Serialization Gotcha on the Windows Phone 7

Almost all Windows Phone 7 applications at some point will store data on to the phone itself, the approach most developers are using is to serialize an object graph to a file which can at next use be simply deserialized.

It’s a nice, easy pattern with few real problems, there’s many different ways your objects can be serialized, xml, json or binary are the usual options.

To Do Today serializes the Tasks, Recurring Tasks and Categories as a single json document using the excellent Json.Net library. I was finding however that the performance of the load (deserialization) was degenerating very quickly as the amount of tasks increased, more so than I expected. After some frustrating hours tinkering with no results I jumped into the profiler and it became very apparent what my problem was.

Because To Do Today is a fairly simple application the model classes are used for serialization and exposed by the view models for display purposes. This means they inherit from PropertyChangedBase in Caliburn Micro to provide the INotifyPropertyChanged functionality.

So as each property was populated by the deserializer I was firing a property changed event. The PropertyChangedBase class in Caliburn Micro was also doing some work to dispatch that event back the UI thread since our Load was being performed asynchronously. Twenty tasks with ten properties meant two hundred events being dispatched, a performance nightmare to provide notifications to no one as there certainly wouldn’t be any subscribers at that point.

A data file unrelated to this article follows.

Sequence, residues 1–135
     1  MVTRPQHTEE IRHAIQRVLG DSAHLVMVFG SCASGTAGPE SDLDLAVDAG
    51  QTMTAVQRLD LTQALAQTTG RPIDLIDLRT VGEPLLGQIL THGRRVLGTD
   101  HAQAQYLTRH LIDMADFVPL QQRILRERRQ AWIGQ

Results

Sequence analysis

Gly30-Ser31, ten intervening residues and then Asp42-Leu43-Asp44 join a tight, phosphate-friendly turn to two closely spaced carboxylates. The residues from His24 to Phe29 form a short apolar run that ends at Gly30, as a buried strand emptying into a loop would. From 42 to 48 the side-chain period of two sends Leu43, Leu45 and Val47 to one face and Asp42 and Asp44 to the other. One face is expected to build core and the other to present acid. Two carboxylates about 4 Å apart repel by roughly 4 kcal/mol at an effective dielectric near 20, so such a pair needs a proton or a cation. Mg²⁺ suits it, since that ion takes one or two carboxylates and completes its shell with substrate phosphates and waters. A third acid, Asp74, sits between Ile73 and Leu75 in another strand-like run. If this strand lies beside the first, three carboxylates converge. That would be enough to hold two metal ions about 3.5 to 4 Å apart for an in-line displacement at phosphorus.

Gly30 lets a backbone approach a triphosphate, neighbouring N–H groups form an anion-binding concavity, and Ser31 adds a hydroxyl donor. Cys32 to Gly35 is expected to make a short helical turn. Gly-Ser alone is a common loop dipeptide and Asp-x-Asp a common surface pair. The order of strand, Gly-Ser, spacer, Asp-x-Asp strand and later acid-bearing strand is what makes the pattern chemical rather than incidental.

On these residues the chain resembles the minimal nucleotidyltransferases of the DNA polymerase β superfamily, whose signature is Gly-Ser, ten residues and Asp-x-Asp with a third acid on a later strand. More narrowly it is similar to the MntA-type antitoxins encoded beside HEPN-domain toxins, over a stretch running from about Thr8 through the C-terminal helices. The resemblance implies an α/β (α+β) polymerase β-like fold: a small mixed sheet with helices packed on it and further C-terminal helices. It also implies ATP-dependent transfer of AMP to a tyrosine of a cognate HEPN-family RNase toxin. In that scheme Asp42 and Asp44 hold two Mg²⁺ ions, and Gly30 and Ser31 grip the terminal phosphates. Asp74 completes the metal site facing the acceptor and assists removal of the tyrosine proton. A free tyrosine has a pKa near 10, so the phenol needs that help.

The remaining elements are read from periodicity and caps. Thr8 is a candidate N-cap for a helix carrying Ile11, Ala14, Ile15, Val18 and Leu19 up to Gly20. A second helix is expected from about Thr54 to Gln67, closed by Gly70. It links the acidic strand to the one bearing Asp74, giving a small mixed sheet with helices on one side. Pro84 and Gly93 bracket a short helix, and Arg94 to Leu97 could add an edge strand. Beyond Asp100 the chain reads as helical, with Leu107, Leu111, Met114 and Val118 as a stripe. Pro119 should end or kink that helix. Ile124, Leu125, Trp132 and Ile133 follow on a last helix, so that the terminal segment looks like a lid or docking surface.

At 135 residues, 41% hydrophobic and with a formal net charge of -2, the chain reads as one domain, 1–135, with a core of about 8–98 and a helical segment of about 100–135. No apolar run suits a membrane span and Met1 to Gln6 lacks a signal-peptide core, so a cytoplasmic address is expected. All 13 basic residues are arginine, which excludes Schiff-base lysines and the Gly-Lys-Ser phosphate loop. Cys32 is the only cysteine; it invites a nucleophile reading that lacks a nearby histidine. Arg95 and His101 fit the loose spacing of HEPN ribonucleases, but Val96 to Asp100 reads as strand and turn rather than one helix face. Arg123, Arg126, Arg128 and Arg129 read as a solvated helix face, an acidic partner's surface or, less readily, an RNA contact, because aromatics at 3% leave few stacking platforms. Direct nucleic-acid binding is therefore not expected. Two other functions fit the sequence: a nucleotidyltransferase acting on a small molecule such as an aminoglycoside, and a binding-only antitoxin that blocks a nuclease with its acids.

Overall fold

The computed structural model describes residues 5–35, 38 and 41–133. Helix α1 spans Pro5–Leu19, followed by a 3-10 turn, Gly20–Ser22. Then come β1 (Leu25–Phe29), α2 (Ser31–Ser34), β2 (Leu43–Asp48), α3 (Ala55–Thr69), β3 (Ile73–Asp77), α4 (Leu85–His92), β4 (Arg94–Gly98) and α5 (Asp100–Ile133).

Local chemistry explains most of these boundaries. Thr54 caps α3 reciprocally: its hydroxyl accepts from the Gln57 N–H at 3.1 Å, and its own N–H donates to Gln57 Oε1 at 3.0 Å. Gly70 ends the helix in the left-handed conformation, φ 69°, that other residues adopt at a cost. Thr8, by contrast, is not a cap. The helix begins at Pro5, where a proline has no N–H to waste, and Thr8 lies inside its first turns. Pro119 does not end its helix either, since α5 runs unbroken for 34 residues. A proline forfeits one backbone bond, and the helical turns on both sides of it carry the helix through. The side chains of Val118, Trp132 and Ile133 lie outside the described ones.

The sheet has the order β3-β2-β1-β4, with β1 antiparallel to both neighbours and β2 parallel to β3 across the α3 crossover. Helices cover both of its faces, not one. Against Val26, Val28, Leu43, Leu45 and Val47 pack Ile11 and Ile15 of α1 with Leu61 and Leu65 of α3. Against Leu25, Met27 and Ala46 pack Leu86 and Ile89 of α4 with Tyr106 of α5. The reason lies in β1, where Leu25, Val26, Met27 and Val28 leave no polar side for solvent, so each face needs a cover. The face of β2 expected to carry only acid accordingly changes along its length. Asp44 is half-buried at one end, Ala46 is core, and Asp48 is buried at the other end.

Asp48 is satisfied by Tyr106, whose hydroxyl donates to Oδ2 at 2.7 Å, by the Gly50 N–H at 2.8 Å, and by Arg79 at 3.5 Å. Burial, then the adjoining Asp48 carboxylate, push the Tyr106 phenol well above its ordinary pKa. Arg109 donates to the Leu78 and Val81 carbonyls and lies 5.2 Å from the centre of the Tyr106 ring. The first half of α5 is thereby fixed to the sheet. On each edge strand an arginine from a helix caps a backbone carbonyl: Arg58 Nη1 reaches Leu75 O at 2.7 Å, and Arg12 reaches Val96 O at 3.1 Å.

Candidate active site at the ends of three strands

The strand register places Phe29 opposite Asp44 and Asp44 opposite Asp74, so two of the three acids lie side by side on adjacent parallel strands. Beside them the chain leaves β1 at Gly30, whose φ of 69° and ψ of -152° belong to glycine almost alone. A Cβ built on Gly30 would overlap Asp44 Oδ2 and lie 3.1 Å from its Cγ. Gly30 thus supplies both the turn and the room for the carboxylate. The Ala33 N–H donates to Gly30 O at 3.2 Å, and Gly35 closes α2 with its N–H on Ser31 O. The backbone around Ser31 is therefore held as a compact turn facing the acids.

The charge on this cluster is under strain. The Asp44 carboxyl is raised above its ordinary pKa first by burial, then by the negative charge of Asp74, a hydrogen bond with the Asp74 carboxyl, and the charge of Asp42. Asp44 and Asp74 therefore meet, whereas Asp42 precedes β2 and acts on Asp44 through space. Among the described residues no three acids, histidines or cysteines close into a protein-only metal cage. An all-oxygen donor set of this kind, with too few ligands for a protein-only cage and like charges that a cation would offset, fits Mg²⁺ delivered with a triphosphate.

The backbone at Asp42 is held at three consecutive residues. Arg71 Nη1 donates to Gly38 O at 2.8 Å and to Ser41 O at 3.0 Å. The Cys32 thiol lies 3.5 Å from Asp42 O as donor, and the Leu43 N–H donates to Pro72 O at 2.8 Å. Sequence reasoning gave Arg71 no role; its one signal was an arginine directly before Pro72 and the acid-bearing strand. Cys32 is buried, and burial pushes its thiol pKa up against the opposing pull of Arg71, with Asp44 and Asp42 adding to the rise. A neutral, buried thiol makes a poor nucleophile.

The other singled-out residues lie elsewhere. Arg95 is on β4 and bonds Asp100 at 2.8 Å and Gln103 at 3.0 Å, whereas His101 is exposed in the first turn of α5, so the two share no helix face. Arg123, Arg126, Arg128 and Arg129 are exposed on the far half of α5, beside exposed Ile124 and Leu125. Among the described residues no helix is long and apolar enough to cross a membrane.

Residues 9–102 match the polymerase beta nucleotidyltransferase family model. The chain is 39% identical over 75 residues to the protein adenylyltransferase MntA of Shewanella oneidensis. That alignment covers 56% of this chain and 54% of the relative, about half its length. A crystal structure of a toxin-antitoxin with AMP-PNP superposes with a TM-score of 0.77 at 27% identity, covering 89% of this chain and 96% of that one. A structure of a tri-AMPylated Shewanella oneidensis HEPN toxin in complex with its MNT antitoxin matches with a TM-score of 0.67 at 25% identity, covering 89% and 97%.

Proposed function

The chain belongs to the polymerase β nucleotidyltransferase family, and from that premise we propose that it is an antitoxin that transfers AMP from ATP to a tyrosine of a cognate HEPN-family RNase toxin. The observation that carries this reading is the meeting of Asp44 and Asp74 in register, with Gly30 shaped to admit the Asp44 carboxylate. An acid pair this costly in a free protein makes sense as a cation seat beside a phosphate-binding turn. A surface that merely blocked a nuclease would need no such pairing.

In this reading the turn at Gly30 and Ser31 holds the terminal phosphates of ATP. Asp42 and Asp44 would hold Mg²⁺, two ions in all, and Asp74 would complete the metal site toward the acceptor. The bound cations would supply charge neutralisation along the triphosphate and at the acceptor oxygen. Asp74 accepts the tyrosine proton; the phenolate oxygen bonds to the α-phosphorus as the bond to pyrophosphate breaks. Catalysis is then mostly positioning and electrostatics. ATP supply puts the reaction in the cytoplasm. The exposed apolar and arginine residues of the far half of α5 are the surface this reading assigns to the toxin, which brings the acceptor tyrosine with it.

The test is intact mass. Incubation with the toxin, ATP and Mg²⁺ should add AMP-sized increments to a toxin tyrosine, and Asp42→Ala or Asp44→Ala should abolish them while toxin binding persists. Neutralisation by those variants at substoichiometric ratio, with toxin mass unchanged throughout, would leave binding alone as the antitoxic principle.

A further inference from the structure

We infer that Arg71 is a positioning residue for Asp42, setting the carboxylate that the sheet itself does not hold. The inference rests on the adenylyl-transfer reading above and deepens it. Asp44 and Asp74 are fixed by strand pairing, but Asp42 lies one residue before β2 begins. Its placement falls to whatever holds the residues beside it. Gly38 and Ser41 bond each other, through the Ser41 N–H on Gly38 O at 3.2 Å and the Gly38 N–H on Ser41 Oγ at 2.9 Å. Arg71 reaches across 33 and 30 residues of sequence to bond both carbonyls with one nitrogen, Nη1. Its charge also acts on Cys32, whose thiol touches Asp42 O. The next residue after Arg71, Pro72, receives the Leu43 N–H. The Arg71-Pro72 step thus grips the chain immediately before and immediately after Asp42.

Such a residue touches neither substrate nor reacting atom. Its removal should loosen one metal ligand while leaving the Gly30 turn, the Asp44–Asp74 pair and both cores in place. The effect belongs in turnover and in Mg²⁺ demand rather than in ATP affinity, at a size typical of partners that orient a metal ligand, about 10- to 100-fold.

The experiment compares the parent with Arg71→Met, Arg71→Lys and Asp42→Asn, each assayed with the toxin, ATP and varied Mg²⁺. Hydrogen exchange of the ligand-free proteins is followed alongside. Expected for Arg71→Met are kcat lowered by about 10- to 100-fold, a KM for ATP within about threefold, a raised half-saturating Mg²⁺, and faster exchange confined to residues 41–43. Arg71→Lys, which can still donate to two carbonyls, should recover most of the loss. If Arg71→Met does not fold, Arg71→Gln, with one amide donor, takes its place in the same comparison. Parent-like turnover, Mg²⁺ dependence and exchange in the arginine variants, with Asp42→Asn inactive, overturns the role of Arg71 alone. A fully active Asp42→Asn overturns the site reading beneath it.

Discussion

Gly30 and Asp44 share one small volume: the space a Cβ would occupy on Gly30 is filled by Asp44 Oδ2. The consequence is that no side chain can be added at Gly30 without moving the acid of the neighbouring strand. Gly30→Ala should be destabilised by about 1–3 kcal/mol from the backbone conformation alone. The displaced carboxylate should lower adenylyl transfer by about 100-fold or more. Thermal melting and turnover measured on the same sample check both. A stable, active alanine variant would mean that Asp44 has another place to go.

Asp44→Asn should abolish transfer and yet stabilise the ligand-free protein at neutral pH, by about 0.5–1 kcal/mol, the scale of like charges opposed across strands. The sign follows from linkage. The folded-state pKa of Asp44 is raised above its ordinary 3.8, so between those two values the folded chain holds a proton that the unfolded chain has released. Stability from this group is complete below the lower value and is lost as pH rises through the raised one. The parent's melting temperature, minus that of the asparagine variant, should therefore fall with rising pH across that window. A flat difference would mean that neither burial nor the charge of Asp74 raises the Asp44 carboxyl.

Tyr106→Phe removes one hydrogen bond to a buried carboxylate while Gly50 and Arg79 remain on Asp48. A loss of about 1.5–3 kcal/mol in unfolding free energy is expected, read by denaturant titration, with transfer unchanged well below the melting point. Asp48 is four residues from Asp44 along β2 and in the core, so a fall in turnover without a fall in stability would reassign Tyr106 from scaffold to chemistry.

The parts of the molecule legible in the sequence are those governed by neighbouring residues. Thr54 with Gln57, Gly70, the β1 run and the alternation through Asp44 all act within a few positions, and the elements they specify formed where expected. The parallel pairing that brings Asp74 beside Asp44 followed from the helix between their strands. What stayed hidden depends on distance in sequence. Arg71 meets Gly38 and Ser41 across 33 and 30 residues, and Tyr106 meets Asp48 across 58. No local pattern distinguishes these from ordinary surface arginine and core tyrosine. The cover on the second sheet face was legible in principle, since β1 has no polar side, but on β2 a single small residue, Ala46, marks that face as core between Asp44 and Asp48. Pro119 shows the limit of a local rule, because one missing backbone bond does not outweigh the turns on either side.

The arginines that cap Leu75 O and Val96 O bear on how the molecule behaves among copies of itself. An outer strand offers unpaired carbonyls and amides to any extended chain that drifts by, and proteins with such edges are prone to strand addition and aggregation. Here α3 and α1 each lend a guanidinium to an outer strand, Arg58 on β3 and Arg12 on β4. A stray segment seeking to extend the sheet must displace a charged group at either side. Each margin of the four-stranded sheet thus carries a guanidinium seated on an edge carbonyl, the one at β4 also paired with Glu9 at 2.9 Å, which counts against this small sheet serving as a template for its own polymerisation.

There were two possible solutions to this, I could split the Task into two classes, a simple data storage Task used during the serialization process and another that implemented INPC for the view models. In a large application I would suggest doing this, but for smaller apps it seemed a little overkill.

Thankfully Caliburn Micro has support to turn off the notifications through the IsNotifiying property. So I simply hooked into the deserialization process to turn notifications off while the object is being populated. This resulted in a 75% performance increase in load times.

public void OnDeserializing(StreamingContext context)
    IsNotifying = false;
public void OnDeserialized(StreamingContext context)
    IsNotifying = true;

The important lessons here are, always check when you’re doing notifications and dispatching events, especially when your objects are being used in different scenarios, secondly profilers are awesome for tracking this stuff down quickly.